Photos: Pixabay.com

The youth are the future and ultimately the generation that will be greatly affected by climate change. What programs are available at the Institute for children and students?

We run programmes for 3-month-old babies up to working professionals. Specifically relevant for youth, is our Lynedoch Children’s House (ages 0 to 6), our primary school bursary programme and our Dream Space for young adults and youth in transition.

All of these programmes focus on creating better and just futures for children and youth by providing access to the best possible education, while also taking into consideration social needs such as healthy meals, transport and socio-emotional support.

Our Dream Space assists high school youth to prepare for life beyond school and provides them with a host of opportunities for work and study, while building soft skills and self-confidence. We also help “youth in transition” who have completed school and wish to enter the job market.

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“Climate change is certainly one of the greatest problems we as species/humanity face at the moment. That said, we also need to keep in mind that climate change is interconnected with a range of systemic risks and drivers such as land use change, biodiversity loss, inequality and dominant economic models, resulting in significant challenges in realising resilient and equitable development.”

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How sustainability comes into play, is in terms of taking a long-term, future-focused view of what is needed to ensure just futures for our children and youth by focusing on education, life skills, the role nature plays in education and development, how everyone should have the same opportunities and the importance of social justice. In total, there are about 200 beneficiaries in our children and youth programmes.

We are the academic partner of Stellenbosch University for their undergraduate and postgraduate programmes in sustainable development, which are presented at our premises. We offer executive development programmes in sustainable development, and also do research and consulting for national and international organisations.

Your academic programmes have a transdisciplinary focus. What is the value of transdisciplinary studies, especially with regard to sustainability as well as transformation?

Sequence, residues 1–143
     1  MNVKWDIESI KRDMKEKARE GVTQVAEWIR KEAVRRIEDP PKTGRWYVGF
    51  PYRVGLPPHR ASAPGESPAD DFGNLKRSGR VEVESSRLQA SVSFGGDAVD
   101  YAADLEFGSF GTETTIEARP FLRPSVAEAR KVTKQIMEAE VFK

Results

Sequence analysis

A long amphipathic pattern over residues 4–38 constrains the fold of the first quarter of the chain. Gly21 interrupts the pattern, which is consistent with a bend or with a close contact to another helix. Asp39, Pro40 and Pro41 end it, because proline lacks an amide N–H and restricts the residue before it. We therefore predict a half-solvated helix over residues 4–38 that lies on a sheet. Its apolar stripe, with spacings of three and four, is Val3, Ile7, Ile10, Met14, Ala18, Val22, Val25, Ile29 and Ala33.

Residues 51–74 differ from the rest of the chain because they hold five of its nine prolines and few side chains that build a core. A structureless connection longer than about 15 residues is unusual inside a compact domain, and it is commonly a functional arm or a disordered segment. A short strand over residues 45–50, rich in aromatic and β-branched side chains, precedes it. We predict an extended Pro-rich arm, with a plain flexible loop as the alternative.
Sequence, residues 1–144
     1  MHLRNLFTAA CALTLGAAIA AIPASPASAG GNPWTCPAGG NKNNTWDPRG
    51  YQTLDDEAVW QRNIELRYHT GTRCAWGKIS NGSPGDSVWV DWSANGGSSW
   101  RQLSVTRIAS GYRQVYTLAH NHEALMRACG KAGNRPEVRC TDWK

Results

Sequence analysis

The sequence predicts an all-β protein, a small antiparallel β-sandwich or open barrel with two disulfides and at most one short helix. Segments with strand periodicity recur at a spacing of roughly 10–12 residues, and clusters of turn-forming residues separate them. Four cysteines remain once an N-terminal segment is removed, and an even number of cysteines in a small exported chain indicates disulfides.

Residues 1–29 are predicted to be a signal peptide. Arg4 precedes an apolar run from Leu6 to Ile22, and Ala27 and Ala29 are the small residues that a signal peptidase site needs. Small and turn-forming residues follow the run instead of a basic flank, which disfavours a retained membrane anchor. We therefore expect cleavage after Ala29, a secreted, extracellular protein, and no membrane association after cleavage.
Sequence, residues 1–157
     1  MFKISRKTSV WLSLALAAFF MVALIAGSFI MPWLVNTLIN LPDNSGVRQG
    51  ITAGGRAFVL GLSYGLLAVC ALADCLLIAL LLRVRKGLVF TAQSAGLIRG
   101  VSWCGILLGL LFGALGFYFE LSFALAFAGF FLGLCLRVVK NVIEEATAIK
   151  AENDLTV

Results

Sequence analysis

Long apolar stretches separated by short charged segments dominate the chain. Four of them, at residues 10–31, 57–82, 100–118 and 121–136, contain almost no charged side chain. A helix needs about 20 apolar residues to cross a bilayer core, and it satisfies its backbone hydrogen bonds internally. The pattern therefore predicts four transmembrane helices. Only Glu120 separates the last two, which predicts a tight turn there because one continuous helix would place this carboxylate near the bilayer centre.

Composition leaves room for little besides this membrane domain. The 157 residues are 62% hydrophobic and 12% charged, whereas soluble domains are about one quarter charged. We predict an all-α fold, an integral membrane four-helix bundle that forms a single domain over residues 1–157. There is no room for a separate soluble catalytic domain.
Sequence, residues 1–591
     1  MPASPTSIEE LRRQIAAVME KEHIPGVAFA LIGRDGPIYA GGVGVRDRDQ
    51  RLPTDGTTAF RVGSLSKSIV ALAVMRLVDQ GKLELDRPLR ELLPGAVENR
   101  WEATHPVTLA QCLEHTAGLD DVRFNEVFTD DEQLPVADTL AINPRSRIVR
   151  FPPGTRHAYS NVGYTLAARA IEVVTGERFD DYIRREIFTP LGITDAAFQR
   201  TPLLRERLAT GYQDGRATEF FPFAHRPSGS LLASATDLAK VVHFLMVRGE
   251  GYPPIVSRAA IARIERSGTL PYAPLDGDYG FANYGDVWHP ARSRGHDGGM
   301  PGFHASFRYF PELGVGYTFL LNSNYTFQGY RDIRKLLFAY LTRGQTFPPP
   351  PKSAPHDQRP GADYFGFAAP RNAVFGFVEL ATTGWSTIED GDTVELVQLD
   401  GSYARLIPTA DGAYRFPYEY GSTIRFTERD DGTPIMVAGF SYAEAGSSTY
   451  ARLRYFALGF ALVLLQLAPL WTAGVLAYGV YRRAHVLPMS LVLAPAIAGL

The challenges that we are faced with calls for more than just the contribution of each discipline in and of itself, but ask of us to develop skills and competence in ways of seeing the world that can bring these disciplines together, as well as to recognise knowledge that sits outside formal academic programmes.

Transdisciplinarity places emphasis on the contribution each of our disciplines can make, as well as the importance of process, co-identification of the problem or challenge, and co-creation of the solution with those directly affected and who will ultimately be able to drive change in the world.

How would you define sustainable development and what can citizens do to practically reduce our carbon footprint?

Sustainable development is ultimately about living in ways that are respectful to ourselves, others and the life-sustaining environment, ensuring that we restore and maintain life-giving resources and social foundations for future generations, as opposed to degrading and undermining them.

Critical to notions of sustainable development is understanding social justice, both for future generations and within current generations, and I think it calls for us to move beyond the technical solutions to innovate deeply within social process and outcome.

I think a message to every individual is to consider carefully what really matters most. If you take a step back and reflect on what you ultimately value, it is most often experiences and relationships that make up the memories that count the most, and not necessarily the material possessions that increasingly define our identities.

One of the critical roots at the heart of sustainability is the crisis of consumerism, and it’s something that we are often afraid or reluctant to address. There are so many challenges we face and so many people who lack access to basic resources and opportunities, but insofar as those who might be in the position to be reading an article such as this one, and to be making decisions differently, we are also often the ones with some of the greatest environmental impacts, and consumerism can sit at the heart of a lot of this.

A more practical set of guidance can be found in the Nedbank Smart Living Guide that was co-produced by the Sustainability Institute, which has a number of amazing ways that you can reduce your impact on the environment at home and in your lifestyle choices. Ultimately, I think we have to consider what we value most and identify what we’re prepared to do in our everyday lives to celebrate and protect it.

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Read more about current environmental issues in LitNet Akademies: